With facial recognition technology able to find a wanted man who strolls in front of a surveillance camera anywhere in the world, and artificial intelligence able to generate deepfake video impersonations so realistic that Congress began panicking about its potential for abuse over three years ago, foolproof counterfeit currency is hardly a heavy lift.
But physical cash has become almost a relic of the 20th century. Counterfeit dollars just used by Democrats to restrain the widely predicted Republican “red wave” was wealth that existed within cyberspace, the result of a bamboozling of investors perpetrated by a now-washed-up tycoon in his 20s whose treasure chest ended up consisting of play money. If you thought Republicans were the party of big business and the heartless rich, you might be wondering how Democrats managed to outspend Republicans in key races this year, like John Fetterman raking in nearly $48 million in his Pennsylvania U.S. Senate campaign, while the GOP opponent he defeated, Mehmet Oz, took in only about $12 million, (augmented by loaning himself $21 million). Or incumbent New Hampshire U.S. Sen. Maggie Hassan being re-elected after raising $38 million, while her GOP challenger, Trump-backed retired Gen. Don Bolduc, pulled in a mere $2.2. million. A big part of the answer is that Democrats are now the party of the snake oil mogul.
Despite his unprepossessing image, often seen in a t-shirt and shorts, Sam Bankman-Fried is an MIT physics grad who was a billionaire before age 30. Defying the usual American entrepreneurial norms of familial stability and respect for the law, Bankman-Fried headquartered his cash cow in the tax haven of the Bahamas and, if we are to believe reports, enlisted a board of senior executives/roommates which doubled as his own polyamorous commune.
Before his financial orgy came crashing to an end this month and over $2 billion in FTX clients’ investments dissolved, Bankman-Friend had handed Joe Biden $1o million during the 2020 presidential election and gave Democrats over $40 million in this year’s midterms, likely buying the party a majority in the U.S. Senate in the next Congress. Now ruined, he was the second-biggest donor to the party’s campaigns, behind only Hungarian-born leftist billionaire currency manipulator George Soros.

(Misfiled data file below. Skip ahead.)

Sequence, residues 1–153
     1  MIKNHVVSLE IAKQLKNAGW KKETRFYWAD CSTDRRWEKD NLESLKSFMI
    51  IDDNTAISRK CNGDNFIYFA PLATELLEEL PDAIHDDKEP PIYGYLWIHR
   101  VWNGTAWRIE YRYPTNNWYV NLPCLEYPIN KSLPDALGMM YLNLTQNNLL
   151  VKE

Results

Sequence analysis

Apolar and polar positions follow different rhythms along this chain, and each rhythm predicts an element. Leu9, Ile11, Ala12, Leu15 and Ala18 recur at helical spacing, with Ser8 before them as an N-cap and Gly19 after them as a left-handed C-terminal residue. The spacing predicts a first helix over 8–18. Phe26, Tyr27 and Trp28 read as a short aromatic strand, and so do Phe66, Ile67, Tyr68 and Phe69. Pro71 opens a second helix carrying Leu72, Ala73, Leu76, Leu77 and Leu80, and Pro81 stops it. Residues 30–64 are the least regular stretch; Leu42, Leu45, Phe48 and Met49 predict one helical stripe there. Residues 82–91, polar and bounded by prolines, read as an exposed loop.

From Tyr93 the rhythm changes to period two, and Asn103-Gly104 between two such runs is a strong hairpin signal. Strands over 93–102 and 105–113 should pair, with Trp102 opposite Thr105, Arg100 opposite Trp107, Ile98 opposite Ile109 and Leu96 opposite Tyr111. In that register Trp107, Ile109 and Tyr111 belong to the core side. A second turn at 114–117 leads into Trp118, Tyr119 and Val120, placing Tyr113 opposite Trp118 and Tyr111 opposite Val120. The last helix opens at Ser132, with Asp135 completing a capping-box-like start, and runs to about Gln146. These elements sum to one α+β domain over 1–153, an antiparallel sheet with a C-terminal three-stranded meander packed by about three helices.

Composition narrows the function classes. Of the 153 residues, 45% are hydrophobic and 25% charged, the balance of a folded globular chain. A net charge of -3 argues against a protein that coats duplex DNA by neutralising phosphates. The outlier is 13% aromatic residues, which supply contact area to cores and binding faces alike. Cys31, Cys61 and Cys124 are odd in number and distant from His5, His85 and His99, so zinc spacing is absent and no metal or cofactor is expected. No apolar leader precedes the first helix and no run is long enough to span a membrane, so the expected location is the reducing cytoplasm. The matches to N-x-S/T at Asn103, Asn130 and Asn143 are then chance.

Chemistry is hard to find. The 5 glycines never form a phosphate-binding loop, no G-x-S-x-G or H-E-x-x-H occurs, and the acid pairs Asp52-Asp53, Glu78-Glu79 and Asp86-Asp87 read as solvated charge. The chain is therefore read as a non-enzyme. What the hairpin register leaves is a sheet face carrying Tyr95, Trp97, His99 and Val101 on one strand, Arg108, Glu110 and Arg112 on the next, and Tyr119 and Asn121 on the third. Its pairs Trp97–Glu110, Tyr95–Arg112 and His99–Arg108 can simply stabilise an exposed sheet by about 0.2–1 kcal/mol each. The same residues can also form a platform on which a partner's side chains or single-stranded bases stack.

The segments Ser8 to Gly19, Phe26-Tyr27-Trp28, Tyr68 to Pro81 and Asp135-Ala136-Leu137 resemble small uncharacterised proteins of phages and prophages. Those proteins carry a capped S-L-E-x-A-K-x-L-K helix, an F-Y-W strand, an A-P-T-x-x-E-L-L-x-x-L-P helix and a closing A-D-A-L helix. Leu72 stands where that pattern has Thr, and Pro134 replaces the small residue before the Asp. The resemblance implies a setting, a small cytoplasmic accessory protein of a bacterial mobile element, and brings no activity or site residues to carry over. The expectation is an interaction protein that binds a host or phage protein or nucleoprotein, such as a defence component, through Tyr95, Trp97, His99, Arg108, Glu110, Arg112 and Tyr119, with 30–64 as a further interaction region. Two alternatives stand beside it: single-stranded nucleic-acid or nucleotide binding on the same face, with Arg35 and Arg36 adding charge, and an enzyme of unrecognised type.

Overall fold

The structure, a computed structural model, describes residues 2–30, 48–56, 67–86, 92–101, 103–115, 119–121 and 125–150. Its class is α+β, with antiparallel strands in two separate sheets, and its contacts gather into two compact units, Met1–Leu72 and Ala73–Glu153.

In dissecting FTX’s collapse, it is crucial to appreciate what too few, woefully uneducated in economic truths thanks to a union-dominated public school system, know about company valuation—that what observers accept to be a firm’s worth is always dependent on human judgment that presumes trustworthy conduct. Was Blockbuster Video worth $8.4 billion when Sumner Redstone bought it for that price in 1994? Had he known that some 16 years later, as consumers became able to “rent” movies with a click of their remote, Blockbuster would be a corporate dinosaur filing for bankruptcy, Redstone likely would have considered investing those billions elsewhere. But no one at Blockbuster knew it was headed off a cliff.
In the case of FTX, however, Bankman-Fried likely didn’t need a crystal ball to see that what he and his Caribbean playmates were presiding over was near to doom. John Ray III, appointed to replace Bankman-Fried as CEO during bankruptcy, and previously the overseer of the Enron clean-up, remarked of FTX that he had never seen “such a complete failure of corporate controls and such a complete absence of trustworthy financial information as occurred here.”
Perhaps only a one-time adolescent math whiz absent moral scruples could possess the technical skills and lack of ethics required to pull off shifting his customers’ money back and forth between various affiliated business entities in a shell game that included using new loans to pay interest on old loans in order to present the fiction of liquidity, with celebrities like quarterback Tom Brady and TV actor Larry David enlisted to enhance FTX’s public image. Bankman-Fried even got FTX’s logo on the uniforms of all of Major League Baseball’s umpires, juxtaposing the Nike swoosh adorning those of the players. After flying so high, the firm, once thought to be worth $32 billion, is now under federal investigation for securities violations.
But the writing was on the wall long ago for the Biden administration to see. Crypto was losing a lot of people money in recent months, yet Bankman-Fried was mysteriously buying rival crypto companies like BlockFi and Voyager Digital, as the Securities and Exchange Commission apparently sat idly by.
Add to all this the fact that Bankman-Fried’s parents are Democratic Party operatives, his father, Joseph Bankman, having helped Sen. Elizabeth Warren draft a tax bill, his mother leading an outfit called “Mind The Gap” that connects donors with Democrat candidates and causes, and his brother Gabe founding a political action committee that uses fear of future pandemics to funnel cash to Democrats.
Compare the fraudulent money FTX loaded up Democrats with to Elizabeth Holmes, disgraced CEO of multi-billion-dollar blood-testing scam firm Theranos, hosting a fundraiser for Hillary Clinton’s presidential campaign at Theranos’ Palo Alto headquarters in the spring of 2016, dangling a chance for facetime with Chelsea Clinton for those willing to cough up $2,700.
In the cases of both FTX and Theranos, unwitting investors’ cash didn’t all go down the black hole of Bankman-Fried and Holmes’ lies; they financed left-wing candidates and causes the owners of that money did not approve, and no doubt many oppose. And Democrats seem none too happy to take money invested under false pretenses.
Thus the left has found another way to use capitalism in their war against economic freedom—and every other freedom.
Views expressed in this article are the opinions of the author and do not necessarily reflect the views of The Epoch Times.